Tax avoidance and tax evasion show no signs of leaving the political and media agenda. Misinformation and misunderstanding about them is rife. We need reasoned distinctions between tax planning that is legal and based upon common sense (which the government encourages through tax incentives on investments and savings) and practices that fall foul
of the law.
At the heart of the confusion is the term 'tax avoidance'. It now has such a broad spectrum of meanings, that ordinary financial prudence is often lumped in with sophisticated tax evasion and even fraud. A recent YouGov poll shows this clearly, suggesting that 59
per cent of the British population believe
that it is 'unacceptable' to avoid paying tax legally.
Avoidance is everywhere
Professional advisers know well that there are often two or more ways of arranging a client's affairs to reach the same financial goal. When saving for retirement, you could do it in a tax efficient way (for example through a pension) or via ordinary savings, which would suffer income tax or capital gains tax. Taken to extremes, and not too dissimilarly to some prominent views currently circulating, paying into a pension could therefore be considered tax avoidance.
The new rules on pensions furnish new ways of avoiding tax. Among other things, they explicitly allow undrawn pension assets to pass on to beneficiaries on death, free of inheritance tax.
The government has made the changes to encourage savings through pensions and to appeal to voters. It will be no wonder if people structure their affairs
to take advantage of this.
People who ensure that their spouses or civil partners have an equal spread of investment income are avoiding tax. Likewise, investing in ISAs or EIS companies reduces your overall tax bill. The government uses tax reliefs to encourage behaviours that benefit the economy. If the sands around these continually shift, it will deter people from investing, and the government will blunt its own power to encourage preferred economic activities.
Above all, there is no obligation under the tax rules to structure your affairs in order to pay more tax, nor should there be. For most people, tax is a cost in their lives that must be managed much like every other cost. To do this, they are entitled to apply good thinking and foresight.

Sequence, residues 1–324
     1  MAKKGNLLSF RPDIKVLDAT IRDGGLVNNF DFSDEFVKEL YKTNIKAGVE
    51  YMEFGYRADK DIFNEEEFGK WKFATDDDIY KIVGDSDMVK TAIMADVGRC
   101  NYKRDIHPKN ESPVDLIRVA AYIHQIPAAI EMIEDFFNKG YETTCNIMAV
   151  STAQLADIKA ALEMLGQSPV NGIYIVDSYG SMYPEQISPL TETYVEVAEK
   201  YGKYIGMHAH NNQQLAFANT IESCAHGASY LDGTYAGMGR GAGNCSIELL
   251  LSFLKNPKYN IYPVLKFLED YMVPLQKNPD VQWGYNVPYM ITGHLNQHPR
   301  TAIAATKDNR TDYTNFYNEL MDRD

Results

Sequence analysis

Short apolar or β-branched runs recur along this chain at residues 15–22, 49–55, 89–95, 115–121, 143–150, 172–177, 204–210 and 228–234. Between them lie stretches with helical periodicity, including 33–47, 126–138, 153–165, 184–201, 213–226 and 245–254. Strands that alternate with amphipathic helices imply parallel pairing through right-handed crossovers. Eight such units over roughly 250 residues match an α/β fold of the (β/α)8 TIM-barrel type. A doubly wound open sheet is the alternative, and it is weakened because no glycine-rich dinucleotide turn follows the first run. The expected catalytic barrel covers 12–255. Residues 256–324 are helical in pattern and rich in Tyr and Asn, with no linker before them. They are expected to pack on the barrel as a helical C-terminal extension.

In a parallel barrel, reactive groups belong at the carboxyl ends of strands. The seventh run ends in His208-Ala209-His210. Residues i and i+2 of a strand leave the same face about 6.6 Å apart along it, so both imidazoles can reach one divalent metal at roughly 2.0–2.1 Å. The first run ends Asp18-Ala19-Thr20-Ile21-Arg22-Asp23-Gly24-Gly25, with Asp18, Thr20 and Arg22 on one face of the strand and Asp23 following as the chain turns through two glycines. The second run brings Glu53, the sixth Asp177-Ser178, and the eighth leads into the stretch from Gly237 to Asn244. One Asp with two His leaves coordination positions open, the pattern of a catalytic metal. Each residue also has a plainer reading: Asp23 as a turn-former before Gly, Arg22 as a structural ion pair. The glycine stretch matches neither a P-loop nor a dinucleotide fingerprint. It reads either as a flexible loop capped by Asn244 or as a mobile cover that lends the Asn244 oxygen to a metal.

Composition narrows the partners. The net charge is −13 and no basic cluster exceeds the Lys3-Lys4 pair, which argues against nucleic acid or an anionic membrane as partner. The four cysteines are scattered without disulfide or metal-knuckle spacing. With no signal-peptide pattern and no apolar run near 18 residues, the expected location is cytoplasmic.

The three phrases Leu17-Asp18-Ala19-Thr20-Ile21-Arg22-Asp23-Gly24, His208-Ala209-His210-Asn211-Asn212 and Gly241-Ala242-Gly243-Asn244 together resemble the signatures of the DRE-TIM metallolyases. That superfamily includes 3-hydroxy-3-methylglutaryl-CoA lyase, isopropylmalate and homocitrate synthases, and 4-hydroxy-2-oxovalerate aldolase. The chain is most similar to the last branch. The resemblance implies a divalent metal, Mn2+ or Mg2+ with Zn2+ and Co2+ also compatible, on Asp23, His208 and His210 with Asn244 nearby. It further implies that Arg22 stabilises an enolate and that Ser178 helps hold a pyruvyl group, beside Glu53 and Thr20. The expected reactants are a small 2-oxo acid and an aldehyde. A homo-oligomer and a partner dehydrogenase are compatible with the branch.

From time to time, the line between 'abusive' and acceptable avoidance may need to be decided in court. However in the vast majority of cases, it should be quite clear. Ideally if legal means of avoiding tax are anticipated in the tax legislation, you should be confident that HMRC will not take issue with them at a later date.
Yet the danger of the current climate is that if taken too far, it could lead to retroactive changes to the law. This creates a sense of uncertainty for professional advisers who are tasked with advising clients on long-term strategies. Arguably we have already seen this with certain tax avoidance schemes which were deemed acceptable (albeit aggressive) when they were established in the middle of the last decade, but have now fallen foul of a changing political and legal environment.
There is a lot of political capital in doing nothing to dispel the unclear thinking about tax avoidance among members of the public. Certain politicians are not helping by bracketing legitimate tax planning with abusive and illegal behaviours. Ultimately we will see more red tape, investment will be deterred,
and no one stands to gain.
So what is to be done? It is far from clear that we need more tax legislation; often the complexity of the system is what creates problems and uncertainties. I would suggest that the government and HMRC would do very well to provide clearer guidelines on the application of current laws. Political parties should also be more precise about their intentions. With important changes already made to the tax system in recent years and still bedding in, the best thing for all concerned is stability.
James Hender is head of private wealth at Saffery ChampnessTags:
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